Monday, June 25, 2012

Science News: Bacteria Armored with Tiny Tori

Take a close look at this image from the June 2012 edition of the science journal Nature.
S-layer bacteria
©VIB, 2012
The image depicts the bacterium Geobacillus stearothermophilus, with a molecular-level resolution of the structure of its protective coat of mail. Do you see that the protective S-layer consists of interlocked tori? The article states how incredibly stable this toroidal crystalline structure appears to be.

From the VIB press release, 11June2012:

With the publication of their findings in Nature, VIB researchers Han Remaut and Ekaterina Baranova at the Vrije Universiteit Brussel, together with French and British scientists, have pulled the hitherto unknown S layer out of obscurity. "We succeeded in imaging the structure of the protein coat for one specific bacterium (Geobacillus stearothermophilus) down to its individual atoms," says Han Remaut. "We were also able to determine how the individual proteins attached to each other to form a 2D structure similar to a kind of chainmail from the Middle Ages, but on a molecular scale, of course." ........
... To what extent the protein coat plays a role in disease processes in humans still needs to be determined by the Brussels researchers. The S-layer they imaged was that of a harmless soil bacterium. Some pathogenic bacteria, such as those that cause anthrax (Bacillus anthracis) or the hospital bug Clostridium difficile, also feature this type of armor. “There are indications that these bacteria use their S-layer for attaching to the cells of the host. But whether the S-layer forms a potential starting point for fighting these bacteria is still unclear," adds Remaut. “That will require more research."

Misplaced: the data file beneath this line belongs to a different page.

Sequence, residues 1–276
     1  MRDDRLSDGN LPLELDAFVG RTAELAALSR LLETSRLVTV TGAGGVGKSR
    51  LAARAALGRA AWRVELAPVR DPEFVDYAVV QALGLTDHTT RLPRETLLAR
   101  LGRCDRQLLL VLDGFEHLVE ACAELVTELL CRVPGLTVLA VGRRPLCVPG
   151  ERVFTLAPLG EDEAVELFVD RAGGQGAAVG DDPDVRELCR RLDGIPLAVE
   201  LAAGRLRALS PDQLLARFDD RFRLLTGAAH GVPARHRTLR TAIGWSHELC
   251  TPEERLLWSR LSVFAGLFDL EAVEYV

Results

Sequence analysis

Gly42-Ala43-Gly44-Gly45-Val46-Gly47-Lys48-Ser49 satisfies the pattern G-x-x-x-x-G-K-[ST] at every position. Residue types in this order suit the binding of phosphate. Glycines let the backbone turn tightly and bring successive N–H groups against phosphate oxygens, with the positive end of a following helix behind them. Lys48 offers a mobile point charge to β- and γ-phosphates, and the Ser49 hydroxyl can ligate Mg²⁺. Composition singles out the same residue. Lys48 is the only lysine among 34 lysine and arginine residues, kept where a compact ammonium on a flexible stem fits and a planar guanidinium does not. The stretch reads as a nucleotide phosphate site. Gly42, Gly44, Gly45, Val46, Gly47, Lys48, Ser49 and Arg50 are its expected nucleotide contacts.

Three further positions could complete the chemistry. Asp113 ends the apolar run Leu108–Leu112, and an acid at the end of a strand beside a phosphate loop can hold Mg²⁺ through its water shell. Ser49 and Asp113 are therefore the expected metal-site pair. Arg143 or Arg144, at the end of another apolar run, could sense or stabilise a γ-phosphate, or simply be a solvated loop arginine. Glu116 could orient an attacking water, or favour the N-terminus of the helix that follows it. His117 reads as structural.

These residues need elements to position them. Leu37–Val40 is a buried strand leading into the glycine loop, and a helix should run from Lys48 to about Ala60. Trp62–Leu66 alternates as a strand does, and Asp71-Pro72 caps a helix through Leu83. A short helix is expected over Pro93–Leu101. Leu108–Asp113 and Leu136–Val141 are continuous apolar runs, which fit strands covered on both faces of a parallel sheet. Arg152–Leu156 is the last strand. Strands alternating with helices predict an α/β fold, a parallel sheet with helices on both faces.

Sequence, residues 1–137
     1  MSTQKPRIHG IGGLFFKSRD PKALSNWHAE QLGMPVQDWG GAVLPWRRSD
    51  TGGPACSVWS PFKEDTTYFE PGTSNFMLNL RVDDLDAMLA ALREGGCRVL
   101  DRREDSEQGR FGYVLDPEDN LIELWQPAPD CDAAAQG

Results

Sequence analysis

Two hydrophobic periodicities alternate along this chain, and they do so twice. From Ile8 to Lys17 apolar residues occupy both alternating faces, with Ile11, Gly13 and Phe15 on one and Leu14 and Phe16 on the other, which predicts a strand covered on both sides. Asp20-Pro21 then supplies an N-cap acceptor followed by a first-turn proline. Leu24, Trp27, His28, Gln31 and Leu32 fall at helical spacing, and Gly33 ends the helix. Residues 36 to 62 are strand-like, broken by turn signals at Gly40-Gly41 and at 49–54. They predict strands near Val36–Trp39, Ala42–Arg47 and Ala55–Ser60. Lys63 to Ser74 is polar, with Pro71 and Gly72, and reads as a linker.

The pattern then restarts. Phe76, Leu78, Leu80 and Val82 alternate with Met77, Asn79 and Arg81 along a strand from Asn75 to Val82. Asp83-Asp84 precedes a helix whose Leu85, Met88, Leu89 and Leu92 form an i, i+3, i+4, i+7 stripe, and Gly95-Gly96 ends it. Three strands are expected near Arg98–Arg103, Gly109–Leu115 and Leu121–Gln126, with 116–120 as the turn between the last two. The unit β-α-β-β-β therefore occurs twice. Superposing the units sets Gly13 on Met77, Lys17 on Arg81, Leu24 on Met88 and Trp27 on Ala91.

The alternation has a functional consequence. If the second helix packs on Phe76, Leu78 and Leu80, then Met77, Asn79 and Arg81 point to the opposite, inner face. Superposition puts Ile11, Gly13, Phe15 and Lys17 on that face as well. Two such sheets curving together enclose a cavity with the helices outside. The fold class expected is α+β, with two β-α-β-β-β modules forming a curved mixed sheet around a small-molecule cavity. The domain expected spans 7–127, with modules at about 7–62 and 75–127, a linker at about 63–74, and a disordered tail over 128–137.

Interface with nanotechnology
Remaut's research is also being followed with interest by chemists, nanotechnologists and material scientists. The 2D-structure and mechanisms underlying the development of the S-layer makes it suitable as a component or as a model for new nanomaterials. In particular, the self-assembly of the S-layer fascinates scientists. "You can compare this self-assembly to a pile of bricks organizing themselves into a perfectly laid wall, but on a nanoscale – one-billionth the size of a common brick," says Remaut. “Such artificial miniature structures could be used, for example, for efficiently delivering active ingredients, such as drugs, to places in the body that are hard to reach."

This is an excellent example of how fundamental biology research can be a source of inspiration for the development of future nanomaterials.

Scientific publication
The research will be published in the leading journal Nature (SbsB structure and lattice reconstruction unveil Ca21 triggered S-layer assembly), Doi 10.1038/nature11155.